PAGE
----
I’ve been thinking about crowds lately. With football season approaching, there will be many stadiums full of college students each Saturday and fans on a Sunday anticipating and cheering on their team. Crowds are exciting, and even can kick-start movements, and even enticing. I love going to live events as they add to the overall moment of the game.
People like to see full stadiums and full arenas – it increases revenue, keeps people engaged, and even makes the games more entertaining causing the Owner, General Manager, and players to feel good about themselves. But let me get personal here – Pastors, along with church leaders, really like to see full sanctuaries. Sadly, for some of the same reasons – it increases tithing, can keep people engaged, and can even affirm the decisions the leaders are making in growing the church.
The inherent danger of course, is that much of this is focused upon the praise of man, rather the praise of God. The danger is also in that aiming for big crowds is part of the flaw of consumerism, which leads to the desire for more and is never satisfied. It’s a terrible trap.
As I’ve thought about crowds, I thought about how Jesus viewed them. Jesus seemed to do much around crowds (like, you know, feed them) – but He always seemed to retreat from them as well. Jesus knew crowds could be fickle, quickly. They couldn’t be trusted at face value. Jesus would often retreat from a crowd in order to pray alone and in a quiet place. He would go to the hills or up in the mountains. He would pour out his heart to the Father and He would listen to the Father, obeying all that was asked of Him.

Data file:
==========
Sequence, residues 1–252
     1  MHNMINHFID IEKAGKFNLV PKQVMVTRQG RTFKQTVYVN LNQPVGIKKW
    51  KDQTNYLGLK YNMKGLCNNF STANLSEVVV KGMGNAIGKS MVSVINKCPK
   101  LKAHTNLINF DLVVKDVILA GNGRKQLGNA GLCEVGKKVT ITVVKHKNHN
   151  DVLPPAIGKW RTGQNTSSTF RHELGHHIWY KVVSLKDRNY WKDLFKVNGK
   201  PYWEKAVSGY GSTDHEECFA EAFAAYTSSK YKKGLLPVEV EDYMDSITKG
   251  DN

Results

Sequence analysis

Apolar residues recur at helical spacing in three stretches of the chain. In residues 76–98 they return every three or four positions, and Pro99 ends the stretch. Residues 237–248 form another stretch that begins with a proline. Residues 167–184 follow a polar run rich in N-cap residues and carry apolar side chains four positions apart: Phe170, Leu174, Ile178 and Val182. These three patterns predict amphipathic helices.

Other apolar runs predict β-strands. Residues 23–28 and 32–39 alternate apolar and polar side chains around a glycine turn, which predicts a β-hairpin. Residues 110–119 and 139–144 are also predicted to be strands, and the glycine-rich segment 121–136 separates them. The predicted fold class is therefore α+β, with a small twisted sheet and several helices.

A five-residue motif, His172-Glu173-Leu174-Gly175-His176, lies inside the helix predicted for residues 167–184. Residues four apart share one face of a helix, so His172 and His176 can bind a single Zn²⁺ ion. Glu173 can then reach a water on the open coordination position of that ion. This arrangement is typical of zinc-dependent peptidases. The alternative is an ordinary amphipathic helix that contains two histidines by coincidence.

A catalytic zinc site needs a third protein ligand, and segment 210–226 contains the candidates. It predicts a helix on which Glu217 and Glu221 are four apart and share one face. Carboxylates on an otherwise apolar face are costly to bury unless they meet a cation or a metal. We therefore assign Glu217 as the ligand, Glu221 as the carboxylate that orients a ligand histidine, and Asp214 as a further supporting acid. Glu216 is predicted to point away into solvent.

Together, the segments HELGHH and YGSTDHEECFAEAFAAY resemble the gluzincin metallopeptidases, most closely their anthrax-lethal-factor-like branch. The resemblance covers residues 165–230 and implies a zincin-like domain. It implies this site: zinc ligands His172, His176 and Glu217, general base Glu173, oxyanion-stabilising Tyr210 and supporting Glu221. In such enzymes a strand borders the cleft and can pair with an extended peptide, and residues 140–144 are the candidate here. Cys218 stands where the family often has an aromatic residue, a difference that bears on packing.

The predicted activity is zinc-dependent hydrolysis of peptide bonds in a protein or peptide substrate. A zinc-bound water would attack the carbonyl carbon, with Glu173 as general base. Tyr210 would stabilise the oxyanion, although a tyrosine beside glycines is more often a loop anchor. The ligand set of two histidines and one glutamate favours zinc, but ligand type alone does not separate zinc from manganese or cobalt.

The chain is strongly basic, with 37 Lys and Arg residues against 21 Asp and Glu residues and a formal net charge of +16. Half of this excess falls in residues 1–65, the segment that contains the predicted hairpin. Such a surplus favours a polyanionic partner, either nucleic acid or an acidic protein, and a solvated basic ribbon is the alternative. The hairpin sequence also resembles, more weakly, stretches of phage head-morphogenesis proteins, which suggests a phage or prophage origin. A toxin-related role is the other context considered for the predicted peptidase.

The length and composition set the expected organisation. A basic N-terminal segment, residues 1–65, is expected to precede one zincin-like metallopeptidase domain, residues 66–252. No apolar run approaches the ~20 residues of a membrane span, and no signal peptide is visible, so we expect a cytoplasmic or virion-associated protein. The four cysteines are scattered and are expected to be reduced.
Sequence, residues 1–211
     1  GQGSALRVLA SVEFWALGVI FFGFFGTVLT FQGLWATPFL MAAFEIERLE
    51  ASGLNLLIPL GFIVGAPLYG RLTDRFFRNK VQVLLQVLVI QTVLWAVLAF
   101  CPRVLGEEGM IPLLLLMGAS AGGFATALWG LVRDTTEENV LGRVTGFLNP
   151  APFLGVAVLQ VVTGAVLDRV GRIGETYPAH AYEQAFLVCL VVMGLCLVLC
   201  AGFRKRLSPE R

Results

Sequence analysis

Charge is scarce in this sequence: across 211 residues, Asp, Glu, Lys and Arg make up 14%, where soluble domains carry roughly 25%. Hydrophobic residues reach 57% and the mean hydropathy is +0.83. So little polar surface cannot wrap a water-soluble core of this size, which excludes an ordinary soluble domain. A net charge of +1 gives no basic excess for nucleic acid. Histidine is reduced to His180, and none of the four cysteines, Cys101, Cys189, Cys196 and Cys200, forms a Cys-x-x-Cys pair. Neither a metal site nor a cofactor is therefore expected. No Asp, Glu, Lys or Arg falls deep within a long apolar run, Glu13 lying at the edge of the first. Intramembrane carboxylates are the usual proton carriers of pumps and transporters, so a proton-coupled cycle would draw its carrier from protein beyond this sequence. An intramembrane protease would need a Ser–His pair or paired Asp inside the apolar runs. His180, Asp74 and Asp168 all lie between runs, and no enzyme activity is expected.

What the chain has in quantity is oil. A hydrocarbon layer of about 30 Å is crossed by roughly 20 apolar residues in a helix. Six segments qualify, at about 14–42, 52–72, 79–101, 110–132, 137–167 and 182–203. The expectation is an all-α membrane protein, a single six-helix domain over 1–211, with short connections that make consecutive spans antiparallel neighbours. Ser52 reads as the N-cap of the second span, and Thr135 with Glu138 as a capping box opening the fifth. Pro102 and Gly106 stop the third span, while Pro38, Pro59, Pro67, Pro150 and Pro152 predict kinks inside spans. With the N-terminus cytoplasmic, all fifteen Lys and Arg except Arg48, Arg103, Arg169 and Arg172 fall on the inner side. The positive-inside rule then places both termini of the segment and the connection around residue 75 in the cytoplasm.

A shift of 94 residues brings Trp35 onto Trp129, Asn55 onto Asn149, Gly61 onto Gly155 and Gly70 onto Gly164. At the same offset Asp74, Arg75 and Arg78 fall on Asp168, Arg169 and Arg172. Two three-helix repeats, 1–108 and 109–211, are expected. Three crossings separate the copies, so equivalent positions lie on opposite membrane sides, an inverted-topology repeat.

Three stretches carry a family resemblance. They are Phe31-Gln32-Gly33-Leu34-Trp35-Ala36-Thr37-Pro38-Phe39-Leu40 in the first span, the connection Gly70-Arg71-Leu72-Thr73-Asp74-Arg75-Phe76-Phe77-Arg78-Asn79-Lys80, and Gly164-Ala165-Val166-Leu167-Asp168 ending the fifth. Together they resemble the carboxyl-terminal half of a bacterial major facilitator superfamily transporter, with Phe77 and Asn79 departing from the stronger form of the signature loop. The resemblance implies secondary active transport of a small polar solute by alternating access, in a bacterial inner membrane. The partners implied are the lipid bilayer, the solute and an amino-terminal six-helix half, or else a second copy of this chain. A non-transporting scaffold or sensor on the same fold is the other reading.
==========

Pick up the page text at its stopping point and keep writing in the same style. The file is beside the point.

In fact, in Luke 5, after a crowd gathered to be healed by Jesus, we read this: “But he would withdraw to desolate places and pray.” The Greek construct of this sentence indicates that this was a continual practice for Jesus. He did this on a regular basis. This should indicate the grave importance for us to consider, and follow.
Why? Didn’t Jesus love people? Sure he did. But Jesus understood that the real way change was going to happen was when his communion with the Father was established – not when the crowds cheered or chanted his name (see Matthew 21:1-17). Jesus knew a better way.
As I think about becoming a Pastor of a church… which seems more real every day, I want to be careful not to become allured to just having a crowd – rather, a room full of people who are being transformed by the gospel of grace into better images of Jesus than the day before.
In sum, I want my time in prayer with Jesus to shape and sharpen my communication of the message of Jesus. When this happens, I believe a healthy church will be established and will grow – not primarily in number, but in depth… which is as it should be.